Although Broudie had his own studios for many years, and has his share of engineering skill, he insists both that as a producer he doesn't want to be concerned with engineering decisions, and that gear choices are relatively unimportant. "I take all the technical stuff for granted. I'm like 'Yeah, you're going to put in a Teletronix, you're going to squash it down, you're going to get an EQ and you're going to use a different mic amp and you're going to put it through the desk and you might make it hit tape to get tape compression,' but that's not the important stuff. If Michael Schumacher gets into a racing car, he expects all that stuff to be going on — but then he has to drive it. It has to be done, and it's a very important part of the process, but it's not the bit that makes him world champion.
"At the end of the day, I don't really believe in equipment. There's treble and there's bass, there's compression and there's reverb, and that's it. No-one's invented anything else. At the moment there's a big propensity for using old equipment — most records are going through an enormous amount of old valve gear, and I don't think it has any relation to what you do. I think you can get anything out of anything. That stuff that the Beatles used to use, Freddie & The Dreamers used to use it as well. The difference is the Beatles, and the people who were working on those records and their vibe and ears and talent."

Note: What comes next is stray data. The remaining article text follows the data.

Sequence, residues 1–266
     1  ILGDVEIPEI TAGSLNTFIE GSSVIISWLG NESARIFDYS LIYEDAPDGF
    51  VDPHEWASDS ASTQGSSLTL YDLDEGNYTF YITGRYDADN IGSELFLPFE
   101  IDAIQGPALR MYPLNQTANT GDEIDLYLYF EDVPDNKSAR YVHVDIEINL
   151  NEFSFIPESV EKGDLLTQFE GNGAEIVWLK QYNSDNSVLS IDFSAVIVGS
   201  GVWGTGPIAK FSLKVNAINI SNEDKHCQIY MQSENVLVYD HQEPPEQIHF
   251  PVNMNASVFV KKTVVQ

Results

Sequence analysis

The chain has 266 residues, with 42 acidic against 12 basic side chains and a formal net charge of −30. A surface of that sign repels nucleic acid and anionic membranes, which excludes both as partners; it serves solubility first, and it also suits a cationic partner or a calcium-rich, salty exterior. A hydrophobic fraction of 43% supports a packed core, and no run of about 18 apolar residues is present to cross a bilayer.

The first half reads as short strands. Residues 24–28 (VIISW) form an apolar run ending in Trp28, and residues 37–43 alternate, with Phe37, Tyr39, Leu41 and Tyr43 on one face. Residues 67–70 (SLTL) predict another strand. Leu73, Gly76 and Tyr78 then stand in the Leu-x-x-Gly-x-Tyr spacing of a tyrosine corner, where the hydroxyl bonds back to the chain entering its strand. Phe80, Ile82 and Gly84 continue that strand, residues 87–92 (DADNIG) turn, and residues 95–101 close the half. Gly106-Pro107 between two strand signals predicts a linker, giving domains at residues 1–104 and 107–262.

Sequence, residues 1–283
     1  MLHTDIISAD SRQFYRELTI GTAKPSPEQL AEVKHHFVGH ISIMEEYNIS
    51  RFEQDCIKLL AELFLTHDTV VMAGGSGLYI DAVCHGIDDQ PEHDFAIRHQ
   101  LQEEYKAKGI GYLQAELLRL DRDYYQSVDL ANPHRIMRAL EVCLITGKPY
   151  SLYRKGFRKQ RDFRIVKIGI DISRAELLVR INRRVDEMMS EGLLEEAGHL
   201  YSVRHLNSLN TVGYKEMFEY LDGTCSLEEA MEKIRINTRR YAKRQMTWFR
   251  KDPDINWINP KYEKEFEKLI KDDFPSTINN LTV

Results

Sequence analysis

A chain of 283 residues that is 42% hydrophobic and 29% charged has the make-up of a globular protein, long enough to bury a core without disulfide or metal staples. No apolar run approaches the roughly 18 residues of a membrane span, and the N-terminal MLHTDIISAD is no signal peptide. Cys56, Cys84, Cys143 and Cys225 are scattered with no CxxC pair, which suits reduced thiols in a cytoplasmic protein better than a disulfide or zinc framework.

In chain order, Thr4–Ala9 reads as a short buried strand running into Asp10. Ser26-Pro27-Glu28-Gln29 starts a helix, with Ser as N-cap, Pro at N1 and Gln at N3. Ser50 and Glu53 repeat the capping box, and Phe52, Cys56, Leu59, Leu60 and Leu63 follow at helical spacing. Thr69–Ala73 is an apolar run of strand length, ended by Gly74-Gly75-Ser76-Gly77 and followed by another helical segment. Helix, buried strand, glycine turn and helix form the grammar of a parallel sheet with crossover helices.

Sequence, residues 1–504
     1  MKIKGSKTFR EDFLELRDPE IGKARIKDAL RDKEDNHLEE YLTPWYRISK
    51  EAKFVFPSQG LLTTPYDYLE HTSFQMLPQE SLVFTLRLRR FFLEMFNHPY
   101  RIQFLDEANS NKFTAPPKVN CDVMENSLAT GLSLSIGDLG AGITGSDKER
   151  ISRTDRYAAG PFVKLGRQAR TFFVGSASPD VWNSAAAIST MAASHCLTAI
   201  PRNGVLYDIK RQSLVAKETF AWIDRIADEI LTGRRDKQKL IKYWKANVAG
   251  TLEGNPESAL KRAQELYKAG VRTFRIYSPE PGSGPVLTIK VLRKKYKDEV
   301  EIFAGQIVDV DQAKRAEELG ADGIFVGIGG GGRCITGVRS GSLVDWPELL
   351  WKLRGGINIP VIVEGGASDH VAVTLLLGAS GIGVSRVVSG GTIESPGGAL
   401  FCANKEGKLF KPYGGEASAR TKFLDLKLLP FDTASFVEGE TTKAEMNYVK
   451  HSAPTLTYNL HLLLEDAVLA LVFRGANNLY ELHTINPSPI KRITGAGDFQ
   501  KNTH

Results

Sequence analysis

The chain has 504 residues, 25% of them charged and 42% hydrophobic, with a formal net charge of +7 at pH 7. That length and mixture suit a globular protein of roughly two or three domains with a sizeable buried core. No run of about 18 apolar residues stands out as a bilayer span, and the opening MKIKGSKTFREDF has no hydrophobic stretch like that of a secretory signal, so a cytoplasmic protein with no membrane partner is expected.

What does it mean to say that you can get anything out of anything? "Sometimes with guitar players when you're producing, a guitar player will have a certain sound, and you give them another guitar and another amp — and if you let them fiddle about they'll generally adjust it so it sounds like the guitar and amp that they started on, because that's the sound that they naturally like and the way that they play the guitar. In a way, it's like that when you EQ something. You tend to go for the sounds you like — whatever guitar and amp it is, you're going to get somewhere near the same thing."